I did, however, peer inside the 2-disc package. Stuffed in between the covers is a pull-out poster with commentary on one side.
The other side is a black-and-white image of the 60-year old Reed.
I swear to God I thought it was Al Davis. Very disconcerting.
Call it "Portrait of the Artist As A Creepy Old Man."
The Reed I recalled was the mascara-ed master of urban decay and leathered champion of forlorn musical characters.
Now he looks like the uber-fuehrer of the Oakland Raiders (known scientifically as tagliabue bane).
In the ‘60s, Reed broke on the scene with his Andy Warhol-produced group The Velvet Underground. By the early ‘70s, Reed had gone solo. His 1972 album Transformer exploded into America's very weird and very conservative consciousness with the single A Walk On the Wild Side.
A tale of … well … umm … it's been out for more than 30 years. Lemme put it like this: They ain't chicks he's singing about.
The song is a classic. True Reed and Velvets fans know, however, the wink-wink take in Wild Side is a Cinemax version of the rest of Reed's hardcore canon, which reads like a modern tale written by the Marquis de Sade from a New York gutter.
Ah, the joy.
That all said, I still haven't listened to The Raven. For the moment, I'm getting ‘50s Vegas smooth with Norah Jones … who's the daughter of music scene oddity Ravi Shankar.
Christ, does the weirdness ever end?
It's evident by now, after gibberish about madmen like Lou Reed that we've reached the dreaded Winter Doldrums.
The Super Bowl was a terrible downer and Marty Mornhinweg proved to have less post-Sept. 11 shelf life than Saddam Hussein. What more is there to say? The Indians will be awful and the Cavs couldn't win with two LeBron James.
When, oh Lord, will it end?
THIS JUST IN FROM THE STUPIDITY DESK …
Here's some levity: The First Official Doc Gonzo Mock Draft, V. 1.0.
Everyone else does mock drafts these days, I figured I should jump on the bandwagon … just as I did with that Enron, Quest and Worldcom stock in late 2000. That Internet boom is just never gonna end, is it? …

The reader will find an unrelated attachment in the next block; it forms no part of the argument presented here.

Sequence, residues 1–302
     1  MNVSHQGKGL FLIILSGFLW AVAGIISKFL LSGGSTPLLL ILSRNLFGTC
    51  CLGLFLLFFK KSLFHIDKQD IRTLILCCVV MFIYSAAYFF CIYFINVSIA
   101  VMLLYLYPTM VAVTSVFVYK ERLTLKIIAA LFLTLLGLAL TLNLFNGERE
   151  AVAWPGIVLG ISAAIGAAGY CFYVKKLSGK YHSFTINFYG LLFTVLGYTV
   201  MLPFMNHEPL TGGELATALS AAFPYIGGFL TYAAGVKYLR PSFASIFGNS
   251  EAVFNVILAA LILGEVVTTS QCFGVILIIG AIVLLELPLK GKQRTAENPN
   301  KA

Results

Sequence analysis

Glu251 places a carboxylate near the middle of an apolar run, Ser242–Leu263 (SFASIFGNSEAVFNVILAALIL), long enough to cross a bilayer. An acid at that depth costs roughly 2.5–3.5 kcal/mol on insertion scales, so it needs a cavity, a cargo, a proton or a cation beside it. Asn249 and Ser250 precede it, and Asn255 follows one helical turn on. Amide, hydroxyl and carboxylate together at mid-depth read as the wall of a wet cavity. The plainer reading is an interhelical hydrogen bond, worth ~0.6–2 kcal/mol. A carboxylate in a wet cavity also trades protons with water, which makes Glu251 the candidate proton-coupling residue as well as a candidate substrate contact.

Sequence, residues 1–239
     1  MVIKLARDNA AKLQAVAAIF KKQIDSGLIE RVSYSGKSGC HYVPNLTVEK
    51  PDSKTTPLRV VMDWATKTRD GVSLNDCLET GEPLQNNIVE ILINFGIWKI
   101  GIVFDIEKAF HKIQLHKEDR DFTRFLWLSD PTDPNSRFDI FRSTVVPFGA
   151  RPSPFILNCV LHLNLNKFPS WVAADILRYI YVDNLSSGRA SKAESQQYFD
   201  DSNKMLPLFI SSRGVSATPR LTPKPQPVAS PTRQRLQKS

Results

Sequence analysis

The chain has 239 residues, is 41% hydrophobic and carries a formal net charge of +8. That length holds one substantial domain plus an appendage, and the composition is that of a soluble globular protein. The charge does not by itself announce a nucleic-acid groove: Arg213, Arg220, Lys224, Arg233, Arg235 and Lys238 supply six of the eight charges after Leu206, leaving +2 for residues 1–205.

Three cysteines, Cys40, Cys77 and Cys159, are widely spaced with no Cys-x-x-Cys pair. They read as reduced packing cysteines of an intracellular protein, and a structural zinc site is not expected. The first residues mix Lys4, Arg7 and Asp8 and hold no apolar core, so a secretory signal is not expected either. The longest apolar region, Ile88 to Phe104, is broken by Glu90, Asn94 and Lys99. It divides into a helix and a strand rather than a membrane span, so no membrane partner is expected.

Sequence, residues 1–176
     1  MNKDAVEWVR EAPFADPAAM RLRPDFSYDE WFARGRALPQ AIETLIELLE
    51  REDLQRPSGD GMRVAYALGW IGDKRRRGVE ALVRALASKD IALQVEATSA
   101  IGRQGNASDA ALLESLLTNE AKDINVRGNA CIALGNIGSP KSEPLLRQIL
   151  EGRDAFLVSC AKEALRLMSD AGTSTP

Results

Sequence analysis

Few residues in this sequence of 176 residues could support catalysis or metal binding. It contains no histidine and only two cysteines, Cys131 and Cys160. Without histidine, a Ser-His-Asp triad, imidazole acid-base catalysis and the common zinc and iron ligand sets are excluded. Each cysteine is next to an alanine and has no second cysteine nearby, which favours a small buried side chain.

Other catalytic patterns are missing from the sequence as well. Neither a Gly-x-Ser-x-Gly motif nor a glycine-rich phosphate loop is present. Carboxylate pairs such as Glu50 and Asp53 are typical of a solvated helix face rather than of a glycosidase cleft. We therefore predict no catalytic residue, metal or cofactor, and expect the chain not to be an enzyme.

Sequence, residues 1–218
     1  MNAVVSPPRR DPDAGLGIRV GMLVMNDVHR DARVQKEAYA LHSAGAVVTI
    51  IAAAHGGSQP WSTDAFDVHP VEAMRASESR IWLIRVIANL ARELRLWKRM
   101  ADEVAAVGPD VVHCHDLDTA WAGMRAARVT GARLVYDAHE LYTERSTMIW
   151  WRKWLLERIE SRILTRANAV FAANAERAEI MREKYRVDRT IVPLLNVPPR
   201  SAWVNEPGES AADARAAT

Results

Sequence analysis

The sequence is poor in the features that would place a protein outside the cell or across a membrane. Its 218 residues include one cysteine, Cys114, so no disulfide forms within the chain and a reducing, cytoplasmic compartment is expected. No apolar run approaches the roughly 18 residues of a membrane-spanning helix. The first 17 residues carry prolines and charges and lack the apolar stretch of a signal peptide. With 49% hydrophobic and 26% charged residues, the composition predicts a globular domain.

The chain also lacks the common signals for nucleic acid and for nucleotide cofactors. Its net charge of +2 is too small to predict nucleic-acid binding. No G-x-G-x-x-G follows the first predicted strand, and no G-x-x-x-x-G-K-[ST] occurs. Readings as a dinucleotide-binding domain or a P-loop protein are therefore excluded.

Anyway, as I was saying, here's my mock draft. Remember, the key here is that I'm mocking.
- Cincinnati: Carson Palmer. Or Carson Daly. It really doesn't make a difference.
- Detroit: Charles Rogers. Or Ginger Rogers. Or Mr. Rogers. Again, doesn't make a difference.
- Houston: Bum Phillips.
- Chicago: Any quarterback not named "Cade" or "Kordell."
- Dallas: Bill Parcells' ego.
- Arizona: Sen. John McCain. Hell, he can't do any worse than Jake Plummer … or Timm Rosenbach … or Tom Tupa … or Neil Lomax …
- Minnesota: Randy Moss' probation officer.
- Jacksonville: A priest to exorcise Tom Coughlan's evil spirit.
- Carolina: A quarterback under age 40.
- Baltimore: The cheapest, dirtiest crack whore available.
- Seattle: A cabana boy to carry double lattes and doughnuts for Mike Holmgren.
- St. Louis: Sylvester Stallone's thumb from "Over The Top." To be attached to Kurt Warner.
- Washington: Whomever Dan Snyder wants.
- New England: Whoever is quarterback at Michigan.
- San Diego: Chairman of the Los Angeles Tourism Bureau.
- Kansas City: Priest Holmes' DNA.
- New Orleans: Ricky Williams. Oh, wait …
- New Orleans: Ricky Schroeder.
- New England: Some mindless drone for Bill Belichick to control.
- Denver: Any of John Elway's offspring.
- Cleveland: Any linebacker not named "Mike Junkin" or "Clifford Charleton" or "Craig Powell."
- NY Jets: George Sauer. Or Wesley Walker.
- Buffalo: It doesn't matter. The Bills will never win a Super Bowl.
- Indianapolis: Wiggy, post-Beatnik Colts owner Jim Irsay opts instead to draft the ashes of Jack Kerouac, Allen Ginsburgh and William Burroughs.
- NY Giants: A babysitter for man-child tight end Jeremy Shockey.
- San Francisco: A voice trainer for Jeff Garcia. Just because you play in San Fran doesn't mean your have to lisp like a Castro Street pimp.
- Pittsburgh: Some other XFL castoff, the building block of any successful franchise.
- Tennessee: One of the Dixie Chicks. Probably the squat, fat one.
- Green Bay: An embalmer to preserve Brett Favre's career.
- Philadelphia: I couldn't think of anything funny to say here.
- Oakland: Someone who wasn't even born when Jerry Rice started playing.
- Oakland: See above.
Former Ohio newspaper editor and reporter Bill Shea writes the Doc Gonzo column for Bernie's Insiders. He now spends his hermit-like days tending his miniature dachshunds deep within the misty forests along the storm-swept Lake Huron shores of Michigan's untamed Thumb. He can be reached at firstname.lastname@example.org.